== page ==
Okay yes, I can’t really pull that off, but I like to breeze merrily past Pulls Things Off and go straight for Clearly Beyond Help. But that aside, today’s round up is gifts for those who like to sew. We’ll go ahead and just call this my wish list, if you like, although if you’re really looking to get me gifts I should ask for Kobo gift cards because my hubby got me Kobo e reader as our one real black friday purchase even though he thinks ereaders are stupid and so he got me one that also functions as a tablet and I am stubbornly using it as just an ereader because we are both just goats in love. Did I mention I sent him the email I got that they were $50 off and he said no, e readers are stupid, use my tablet, and I may have said his tablet was stupid. Then he came home with the e reader and I was both sheepish and gleeful. And I won’t tell you the reading hours I logged this past week while sick because they are insane.

So anyways, clearly I’m not getting anything else for Christmas so this list is for all my sewmies out there.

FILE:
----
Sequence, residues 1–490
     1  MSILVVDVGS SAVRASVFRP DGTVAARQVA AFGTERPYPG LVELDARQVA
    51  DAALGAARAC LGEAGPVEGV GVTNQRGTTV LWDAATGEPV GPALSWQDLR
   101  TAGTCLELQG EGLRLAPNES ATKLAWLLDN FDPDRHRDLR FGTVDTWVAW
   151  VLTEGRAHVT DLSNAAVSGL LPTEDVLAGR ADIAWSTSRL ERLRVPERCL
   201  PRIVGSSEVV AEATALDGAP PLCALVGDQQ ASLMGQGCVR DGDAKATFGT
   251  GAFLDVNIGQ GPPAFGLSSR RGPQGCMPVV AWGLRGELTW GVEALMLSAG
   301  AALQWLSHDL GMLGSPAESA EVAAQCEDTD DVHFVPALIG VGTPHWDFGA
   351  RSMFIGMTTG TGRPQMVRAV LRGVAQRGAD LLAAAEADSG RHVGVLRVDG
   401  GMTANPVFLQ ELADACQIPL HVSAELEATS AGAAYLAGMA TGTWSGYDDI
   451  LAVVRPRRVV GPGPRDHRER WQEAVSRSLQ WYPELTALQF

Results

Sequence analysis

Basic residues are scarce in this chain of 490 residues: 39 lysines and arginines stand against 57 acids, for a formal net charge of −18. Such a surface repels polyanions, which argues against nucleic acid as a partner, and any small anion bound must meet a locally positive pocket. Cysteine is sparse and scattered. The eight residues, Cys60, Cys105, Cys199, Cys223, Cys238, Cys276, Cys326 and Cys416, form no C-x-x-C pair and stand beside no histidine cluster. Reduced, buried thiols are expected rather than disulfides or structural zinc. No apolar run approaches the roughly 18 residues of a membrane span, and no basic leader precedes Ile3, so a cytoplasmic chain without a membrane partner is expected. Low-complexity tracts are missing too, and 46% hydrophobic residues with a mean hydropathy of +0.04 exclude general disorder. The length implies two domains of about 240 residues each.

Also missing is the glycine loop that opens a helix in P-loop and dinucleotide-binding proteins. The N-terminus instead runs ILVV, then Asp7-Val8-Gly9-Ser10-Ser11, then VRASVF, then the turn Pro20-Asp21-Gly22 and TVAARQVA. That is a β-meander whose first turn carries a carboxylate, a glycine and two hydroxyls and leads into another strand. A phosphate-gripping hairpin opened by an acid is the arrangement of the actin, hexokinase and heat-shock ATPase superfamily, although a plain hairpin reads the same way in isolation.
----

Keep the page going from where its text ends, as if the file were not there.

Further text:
We’ll actually start back at the e reader thing. I do totally recommend an e reader or tablet if you have a sewing or knitting person who is most beloved to your heart, because it’s a great place to put instructions for all those pdf sewing and knitting patterns, which is 50% of the reason I was keen on one. I like the Kobo for black and white and the Kobo Arc, which is what I have, for colour. It’s more of a tablet and its an android, which I normally like to screech at like a Macaw, but for some reason I’m having very little trouble with it. (Possibly related to barely venturing out of the Library section.)


And speaking of pdf patterns, one of my favourite pattern sites is (affiliate link) Go To Patterns. Right now you can use the code DECEMBER10 for 10% off your purchase, or DECEMBER15 for 15%. Now, if you sew yourself, then you know that nobody, NOBODY will appreciate the time and effort that you put into a sewn gift than one of your sewmies. So first of all, you can buy patterns and make some gifts. For example, the Commuter Cowl pattern (pictured above, and is anyone else thinking they need to knock off that tshirt sleeve??) is less than $4 even before any discount code, and would make a great gift for anyone (and bonus gift to yourself, keeping the pattern.) However on the less time-spendy side of things, you can get a gift card for your sewmie in the Sale section. (And if I’m your sewmie then yes, please.)